Reporter Andrew Meyer notes that my case raises troubling issues about the First Amendment (right to a free press), Fourth Amendment (right to be free from unreasonable search/seizure), Fifth Amendment (right not to be deprived of liberty without due process of law), Sixth Amendment (right to a trial by jury), and Fourteenth Amendment (right to due process and equal protection).

Concludes PINAC's Meyer:

Shuler’s story might set the record for amount of constitutional rights casually broken in one case.

Perhaps more than any other journalist I'm aware of, Meyer understands that my case goes way beyond the First Amendment violations--as important as those are. These are violations that should trouble every American, even those who have no interest in ever practicing journalism or writing a blog.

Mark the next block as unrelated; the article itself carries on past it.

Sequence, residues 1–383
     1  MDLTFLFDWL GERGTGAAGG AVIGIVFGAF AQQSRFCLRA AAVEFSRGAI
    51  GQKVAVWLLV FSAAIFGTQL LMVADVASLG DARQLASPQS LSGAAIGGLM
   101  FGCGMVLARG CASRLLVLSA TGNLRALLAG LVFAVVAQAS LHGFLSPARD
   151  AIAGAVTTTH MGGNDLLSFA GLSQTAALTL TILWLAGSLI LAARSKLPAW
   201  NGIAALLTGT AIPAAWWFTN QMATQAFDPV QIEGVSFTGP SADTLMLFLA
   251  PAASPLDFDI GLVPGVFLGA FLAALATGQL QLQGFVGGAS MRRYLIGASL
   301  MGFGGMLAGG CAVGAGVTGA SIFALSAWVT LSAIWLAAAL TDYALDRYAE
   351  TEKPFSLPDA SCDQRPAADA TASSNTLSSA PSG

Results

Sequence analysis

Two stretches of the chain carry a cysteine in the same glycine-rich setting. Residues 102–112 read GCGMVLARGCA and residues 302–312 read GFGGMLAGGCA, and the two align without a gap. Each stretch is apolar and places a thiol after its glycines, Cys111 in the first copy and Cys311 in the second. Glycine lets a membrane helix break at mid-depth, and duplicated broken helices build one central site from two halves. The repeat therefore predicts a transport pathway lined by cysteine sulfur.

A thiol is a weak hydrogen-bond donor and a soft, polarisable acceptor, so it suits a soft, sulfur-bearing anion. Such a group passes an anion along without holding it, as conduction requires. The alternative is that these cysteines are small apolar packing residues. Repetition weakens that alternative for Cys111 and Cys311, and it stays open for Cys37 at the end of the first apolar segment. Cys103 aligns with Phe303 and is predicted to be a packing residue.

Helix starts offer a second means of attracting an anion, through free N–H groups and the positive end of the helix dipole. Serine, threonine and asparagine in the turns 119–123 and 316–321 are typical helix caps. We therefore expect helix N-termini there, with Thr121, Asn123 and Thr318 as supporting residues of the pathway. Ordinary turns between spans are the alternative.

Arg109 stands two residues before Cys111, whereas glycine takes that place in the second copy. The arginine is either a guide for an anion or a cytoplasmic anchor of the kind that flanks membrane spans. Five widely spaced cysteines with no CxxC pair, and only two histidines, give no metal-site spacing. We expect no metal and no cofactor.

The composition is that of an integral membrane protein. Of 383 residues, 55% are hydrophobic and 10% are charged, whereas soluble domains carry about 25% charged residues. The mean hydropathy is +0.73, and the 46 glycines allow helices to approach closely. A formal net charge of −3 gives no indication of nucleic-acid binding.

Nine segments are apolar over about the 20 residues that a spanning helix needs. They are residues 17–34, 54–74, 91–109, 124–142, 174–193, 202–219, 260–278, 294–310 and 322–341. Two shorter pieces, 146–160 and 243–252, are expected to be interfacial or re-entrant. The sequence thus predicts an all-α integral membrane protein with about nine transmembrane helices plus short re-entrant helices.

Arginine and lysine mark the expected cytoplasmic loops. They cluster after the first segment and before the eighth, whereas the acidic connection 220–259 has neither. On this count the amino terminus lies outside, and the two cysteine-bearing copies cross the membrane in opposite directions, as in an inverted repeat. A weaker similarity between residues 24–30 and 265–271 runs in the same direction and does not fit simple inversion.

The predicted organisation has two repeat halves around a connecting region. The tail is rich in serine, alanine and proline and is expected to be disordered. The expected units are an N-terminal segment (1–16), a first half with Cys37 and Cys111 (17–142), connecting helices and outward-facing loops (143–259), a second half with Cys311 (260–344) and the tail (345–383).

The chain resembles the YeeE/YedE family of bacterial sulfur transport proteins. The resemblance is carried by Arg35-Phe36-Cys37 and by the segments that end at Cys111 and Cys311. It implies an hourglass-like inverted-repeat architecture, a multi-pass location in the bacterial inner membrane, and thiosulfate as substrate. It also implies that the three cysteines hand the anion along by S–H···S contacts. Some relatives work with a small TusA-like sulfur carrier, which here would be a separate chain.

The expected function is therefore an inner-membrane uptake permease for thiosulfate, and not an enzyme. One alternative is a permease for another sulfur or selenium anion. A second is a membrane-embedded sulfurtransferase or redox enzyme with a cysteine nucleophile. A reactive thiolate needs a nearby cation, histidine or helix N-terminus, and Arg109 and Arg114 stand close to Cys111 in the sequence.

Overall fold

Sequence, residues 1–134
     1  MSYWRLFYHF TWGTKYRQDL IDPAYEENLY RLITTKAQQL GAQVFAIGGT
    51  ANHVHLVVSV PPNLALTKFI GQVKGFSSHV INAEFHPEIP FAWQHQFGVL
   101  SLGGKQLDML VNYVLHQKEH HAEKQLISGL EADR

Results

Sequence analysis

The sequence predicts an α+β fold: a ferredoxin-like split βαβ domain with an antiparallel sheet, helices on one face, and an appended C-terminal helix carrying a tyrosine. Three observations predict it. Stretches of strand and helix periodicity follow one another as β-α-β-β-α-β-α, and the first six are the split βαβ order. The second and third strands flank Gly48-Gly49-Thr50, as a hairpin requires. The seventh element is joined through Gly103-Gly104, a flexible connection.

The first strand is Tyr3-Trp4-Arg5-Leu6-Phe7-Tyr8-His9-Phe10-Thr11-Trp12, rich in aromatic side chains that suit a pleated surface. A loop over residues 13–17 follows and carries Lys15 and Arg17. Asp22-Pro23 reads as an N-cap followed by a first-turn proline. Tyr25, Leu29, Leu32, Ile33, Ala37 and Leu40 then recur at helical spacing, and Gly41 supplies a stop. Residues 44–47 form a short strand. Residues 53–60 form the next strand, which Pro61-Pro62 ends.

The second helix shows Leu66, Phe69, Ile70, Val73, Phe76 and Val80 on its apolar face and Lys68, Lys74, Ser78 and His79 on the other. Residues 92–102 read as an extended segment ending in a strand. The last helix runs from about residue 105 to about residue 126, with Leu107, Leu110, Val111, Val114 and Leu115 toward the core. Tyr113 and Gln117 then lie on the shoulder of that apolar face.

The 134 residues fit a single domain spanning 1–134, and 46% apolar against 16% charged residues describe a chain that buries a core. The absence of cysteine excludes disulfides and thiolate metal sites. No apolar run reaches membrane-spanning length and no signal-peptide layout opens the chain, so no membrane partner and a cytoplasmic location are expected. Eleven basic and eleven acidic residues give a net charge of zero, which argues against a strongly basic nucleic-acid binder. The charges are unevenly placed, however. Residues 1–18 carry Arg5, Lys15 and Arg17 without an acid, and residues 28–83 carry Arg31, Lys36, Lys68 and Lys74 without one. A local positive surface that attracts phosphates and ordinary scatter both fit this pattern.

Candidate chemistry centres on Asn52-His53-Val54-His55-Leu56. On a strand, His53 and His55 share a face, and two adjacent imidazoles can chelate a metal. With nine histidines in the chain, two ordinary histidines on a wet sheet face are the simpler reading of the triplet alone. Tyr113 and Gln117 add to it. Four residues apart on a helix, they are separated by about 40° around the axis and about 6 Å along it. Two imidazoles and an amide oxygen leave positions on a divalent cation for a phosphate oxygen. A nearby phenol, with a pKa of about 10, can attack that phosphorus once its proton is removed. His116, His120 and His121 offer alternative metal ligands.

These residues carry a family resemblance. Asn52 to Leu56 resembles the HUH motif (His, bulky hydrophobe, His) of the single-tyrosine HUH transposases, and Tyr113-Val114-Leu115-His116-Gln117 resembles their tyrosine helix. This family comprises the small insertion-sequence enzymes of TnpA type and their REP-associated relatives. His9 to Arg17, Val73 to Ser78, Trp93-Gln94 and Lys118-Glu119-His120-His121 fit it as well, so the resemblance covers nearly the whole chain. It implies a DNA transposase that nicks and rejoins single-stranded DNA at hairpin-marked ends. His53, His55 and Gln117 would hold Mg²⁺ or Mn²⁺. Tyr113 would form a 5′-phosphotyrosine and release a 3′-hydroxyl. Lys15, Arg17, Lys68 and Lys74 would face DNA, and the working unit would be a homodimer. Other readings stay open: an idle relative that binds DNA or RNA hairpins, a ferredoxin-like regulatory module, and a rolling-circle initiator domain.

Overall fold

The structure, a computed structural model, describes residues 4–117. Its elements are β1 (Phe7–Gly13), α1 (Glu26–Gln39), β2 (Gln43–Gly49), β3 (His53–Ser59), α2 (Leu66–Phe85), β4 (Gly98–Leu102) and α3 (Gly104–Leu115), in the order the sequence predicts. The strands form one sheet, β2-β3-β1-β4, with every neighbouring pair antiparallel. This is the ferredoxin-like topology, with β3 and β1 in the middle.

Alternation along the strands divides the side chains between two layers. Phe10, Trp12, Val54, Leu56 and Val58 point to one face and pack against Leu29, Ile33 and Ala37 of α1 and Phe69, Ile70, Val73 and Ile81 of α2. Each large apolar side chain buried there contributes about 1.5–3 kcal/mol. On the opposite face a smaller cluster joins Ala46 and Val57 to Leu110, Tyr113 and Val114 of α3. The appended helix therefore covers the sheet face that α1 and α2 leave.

Have you ever driven, or ridden in, a vehicle? If so, these issues should matter to you.





11 comments:

Anonymous said...

Sounds to me like there is enough murkiness in the law that cops just stop cars whenever they feel like it--with the idea that they will get away with whatever they do 99 percent of the time.

Anonymous said...

I'm going to start feeling vulnerable when I drive in my SUV. Used to worry about "undesirables." Think maybe I need to start worrying more about cops.

Bucko said...

Somebody wanted you arrested so badly that they cops just said the hell with the law and the rules.

Anonymous said...

Still don't understand why the deputy didn't show you the warrant, assuming he had one. That seems like such an easy thing to do.

legalschnauzer said...

Agreed, @4:57. And I still don't understand why an asst. DA, prosecuting a resisting-arrest case, wouldn't have a copy of the warrant to enter as evidence. It seems so easy to do. And once entered, it goes to whether the arrest was lawful or not.